By Vann Marlo M. Villegas and Kyle Aristophere T. Atienza, Reporters
THE PHILIPPINES on Wednesday fired off another diplomatic protest against China after authorities spotted a swarm of Chinese vessels, including six war ships within its waters in the South China Sea.
Two Houbei class missile warships were spotted at Mischief Reef, one Corvette class warship at the Fiery Cross Reef and one navy tugboat at Subi Reef, a Philippine task force on border security said on Tuesday night.
Two Chinese coast guard vessels were also spotted at Thitu Island, which the Philippines calls “Kalayaan,” according to a report based on patrols by Philippine authorities on April 11.
“Changing my policy of acting only on national task force requests,” Foreign Affairs Secretary Teodoro L. Locsin, Jr. tweeted.
The Philippine task force said more than 200 Chinese ships were scattered in waters within its exclusive economic zone. About 15 vessels either manned by Chinese militia, People’s Liberation Army Navy or the Chinese Coast Guard had also been spotted at the Scarborough Shoal.
“The continuous swarming of Chinese vessels poses a threat to the safety of navigation, safety of life at sea and impedes the exclusive right of Filipinos to benefit from the marine wealth in the exclusive economic zone,” the task force said.
The presence of naval warships also “contributes to the militarization of the area,” it said. “The combined presence of the Chinese vessels is “prejudicial to the peace and security of the region.”
Meanwhile, about 240 Chinese vessels that China claims are ordinary fishing vessels have spread out to a wider area in the South China Sea, the agency said. The ships allegedly manned by Chinese maritime forces were scattered across the Spratlys, about 175 nautical miles west of Palawan province, it added.
It said 136 vessels were seen at Gaven Reef and more than 60 vessels were at McKennan Reef.
The rest of the ships were scattered in other parts of the disputed territory — 11 at the Second Thomas Shoal, nine at Whitsun Reef, six at Mischief Reef, five at Loaita Island, four at Thitu Island, three at Subi Reef and one at West York Island.
The ships were about 60 meters long.
“This is an issue of fact that we refer to the Department of Foreign Affairs, Department of Defense and Task Force West Philippine Sea for verification,” presidential spokesperson Herminio “Harry” L. Roque, Jr. said in a text message when sought for comment.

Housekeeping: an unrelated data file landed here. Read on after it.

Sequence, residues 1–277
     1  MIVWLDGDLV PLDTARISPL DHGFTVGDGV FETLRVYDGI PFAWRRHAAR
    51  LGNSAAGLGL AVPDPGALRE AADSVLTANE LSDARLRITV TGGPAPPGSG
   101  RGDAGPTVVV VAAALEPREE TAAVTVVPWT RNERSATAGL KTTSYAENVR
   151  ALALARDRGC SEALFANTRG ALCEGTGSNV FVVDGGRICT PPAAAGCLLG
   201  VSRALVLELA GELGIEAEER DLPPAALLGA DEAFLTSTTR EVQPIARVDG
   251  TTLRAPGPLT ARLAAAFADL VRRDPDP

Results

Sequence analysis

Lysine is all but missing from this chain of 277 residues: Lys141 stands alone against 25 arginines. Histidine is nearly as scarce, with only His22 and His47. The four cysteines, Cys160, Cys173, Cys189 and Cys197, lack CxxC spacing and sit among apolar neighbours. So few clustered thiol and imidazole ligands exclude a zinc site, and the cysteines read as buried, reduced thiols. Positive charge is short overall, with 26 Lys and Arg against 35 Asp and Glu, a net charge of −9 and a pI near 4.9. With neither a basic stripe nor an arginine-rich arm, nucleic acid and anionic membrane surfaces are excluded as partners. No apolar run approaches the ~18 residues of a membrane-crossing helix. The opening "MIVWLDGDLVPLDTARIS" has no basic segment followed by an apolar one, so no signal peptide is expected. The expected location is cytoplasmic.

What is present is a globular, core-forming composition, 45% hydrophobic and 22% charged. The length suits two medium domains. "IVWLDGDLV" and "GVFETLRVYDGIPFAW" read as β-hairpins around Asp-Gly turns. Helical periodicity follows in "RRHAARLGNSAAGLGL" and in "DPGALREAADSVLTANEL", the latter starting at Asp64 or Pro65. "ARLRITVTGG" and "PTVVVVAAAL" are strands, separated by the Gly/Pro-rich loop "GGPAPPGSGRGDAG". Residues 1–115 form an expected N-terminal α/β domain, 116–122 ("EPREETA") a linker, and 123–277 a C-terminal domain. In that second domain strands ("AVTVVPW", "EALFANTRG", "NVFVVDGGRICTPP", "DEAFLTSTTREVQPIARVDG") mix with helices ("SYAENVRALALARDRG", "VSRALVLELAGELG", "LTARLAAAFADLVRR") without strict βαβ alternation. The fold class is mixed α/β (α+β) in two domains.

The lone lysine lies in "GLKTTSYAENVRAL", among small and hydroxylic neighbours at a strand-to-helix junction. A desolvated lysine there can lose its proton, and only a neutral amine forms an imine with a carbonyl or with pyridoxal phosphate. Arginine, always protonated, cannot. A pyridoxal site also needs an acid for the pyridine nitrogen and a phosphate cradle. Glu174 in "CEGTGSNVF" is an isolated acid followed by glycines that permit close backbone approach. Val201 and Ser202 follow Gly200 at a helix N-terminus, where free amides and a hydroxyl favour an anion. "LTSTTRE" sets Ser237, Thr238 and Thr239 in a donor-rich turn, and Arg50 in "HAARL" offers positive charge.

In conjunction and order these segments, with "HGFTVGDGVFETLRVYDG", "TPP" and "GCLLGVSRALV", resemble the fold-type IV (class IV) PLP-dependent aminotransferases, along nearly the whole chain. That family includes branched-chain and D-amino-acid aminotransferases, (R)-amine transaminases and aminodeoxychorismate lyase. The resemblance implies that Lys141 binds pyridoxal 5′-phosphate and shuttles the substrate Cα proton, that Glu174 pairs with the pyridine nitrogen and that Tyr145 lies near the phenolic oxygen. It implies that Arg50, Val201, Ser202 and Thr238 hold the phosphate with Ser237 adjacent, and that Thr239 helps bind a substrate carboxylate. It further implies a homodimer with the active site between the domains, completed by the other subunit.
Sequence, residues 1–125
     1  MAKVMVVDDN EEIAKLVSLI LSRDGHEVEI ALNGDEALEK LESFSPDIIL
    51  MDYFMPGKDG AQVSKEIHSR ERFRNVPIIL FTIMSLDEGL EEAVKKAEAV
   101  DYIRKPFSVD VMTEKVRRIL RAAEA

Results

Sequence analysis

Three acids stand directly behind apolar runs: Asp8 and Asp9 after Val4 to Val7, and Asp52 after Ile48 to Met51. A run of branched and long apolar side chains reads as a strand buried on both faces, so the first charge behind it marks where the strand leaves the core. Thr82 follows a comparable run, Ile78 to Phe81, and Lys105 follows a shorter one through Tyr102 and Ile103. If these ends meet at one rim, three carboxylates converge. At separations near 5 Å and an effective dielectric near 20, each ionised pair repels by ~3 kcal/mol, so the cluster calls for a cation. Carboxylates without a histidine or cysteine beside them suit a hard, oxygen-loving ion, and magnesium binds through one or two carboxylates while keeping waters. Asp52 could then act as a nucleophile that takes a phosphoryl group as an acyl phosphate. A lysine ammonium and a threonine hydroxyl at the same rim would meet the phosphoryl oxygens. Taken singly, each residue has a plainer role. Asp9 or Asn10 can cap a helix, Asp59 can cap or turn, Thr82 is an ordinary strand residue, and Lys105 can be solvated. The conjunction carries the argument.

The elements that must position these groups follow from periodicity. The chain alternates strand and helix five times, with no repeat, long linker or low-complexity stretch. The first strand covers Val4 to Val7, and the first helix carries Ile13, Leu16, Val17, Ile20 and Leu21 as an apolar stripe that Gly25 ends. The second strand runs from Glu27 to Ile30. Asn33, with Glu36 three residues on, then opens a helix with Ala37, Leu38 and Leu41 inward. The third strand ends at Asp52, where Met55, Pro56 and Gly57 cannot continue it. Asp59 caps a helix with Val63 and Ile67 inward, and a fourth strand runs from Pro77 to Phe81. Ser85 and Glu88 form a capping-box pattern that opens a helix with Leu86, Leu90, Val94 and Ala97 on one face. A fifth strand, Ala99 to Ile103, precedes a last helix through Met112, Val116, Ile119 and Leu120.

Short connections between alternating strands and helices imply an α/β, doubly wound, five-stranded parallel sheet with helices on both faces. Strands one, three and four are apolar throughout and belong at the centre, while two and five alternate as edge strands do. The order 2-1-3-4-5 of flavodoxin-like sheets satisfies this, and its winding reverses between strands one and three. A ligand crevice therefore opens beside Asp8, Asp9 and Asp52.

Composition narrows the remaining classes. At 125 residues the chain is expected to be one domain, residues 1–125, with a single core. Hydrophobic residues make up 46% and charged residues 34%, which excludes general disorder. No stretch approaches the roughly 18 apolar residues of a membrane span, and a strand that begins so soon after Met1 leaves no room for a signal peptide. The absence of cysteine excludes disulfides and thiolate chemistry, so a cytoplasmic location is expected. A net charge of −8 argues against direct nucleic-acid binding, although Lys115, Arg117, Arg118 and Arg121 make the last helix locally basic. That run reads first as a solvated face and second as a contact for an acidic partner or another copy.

He earlier parroted the Chinese Embassy’s claim that the vessels at Whitsun Reef were manned by fishermen who were forced to moor there due to bad weather.
Manila on Monday summoned China’s ambassador to convey its “utmost displeasure” over the continued presence of Chinese militia vessels at Whitsun Reef.
The reef, which the Philippines calls Julian Felipe, is within its exclusive economic zone, Foreign Affairs acting Undersecretary Elizabeth P. Buensuceso had told Chinese Ambassador Huang Xilian.
Meanwhile, retired Supreme Court Justice Antonio T. Carpio said all countries should stand against China to keep order at sea.
“If China succeeds in taking the South China Sea or in making [it] its own national lake… then the United Nations Convention on the Law of the Sea (UNCLOS) will collapse for other naval powers will also seize their new seas as their own possessions,” he told an online news briefing.
“That will mean the beginning of a maritime order created and enforced by naval guns and the entrenchment of the ‘might is right’ concept,” he added.
Chester B. Cabalza, president of International Development and Security Cooperation, cited the need for an alliance to pressure China into following maritime order.
The Philippines, aside from boosting its military, should work with the Association of Southeast Asian Nations for regional stability, Rommel Jude Ong from the Ateneo School of Government said.
Renato C. de Castro, international studies professor at De La Salle University, said the Philippines should try to prevent China from winning in the South China Sea “without actually fighting.”
Jay L. Batongbacal, head of the University of the Philippines Institute for Maritime Affairs and Law of the Sea said China’s Coast Guard Law, which allows the body to fire at enemies at sea, is limited to areas within its jurisdiction.
“The implementation of the law cannot be used to assert China’s excessive claims to jurisdiction in the South China Sea,” he said.
Meanwhile, Philippine business groups said the government should protect Whitsun Reef’s rich marine life and mineral deposits “for the well-being of each and every Filipino.”
“It is only through peaceful coexistence that we can achieve prosperity for all,” the Philippine Chamber of Commerce and Industry, Management Association of the Philippines, Makati Business Club and Bishops-Businessmen’s Conference for Human Development said in a joint statement.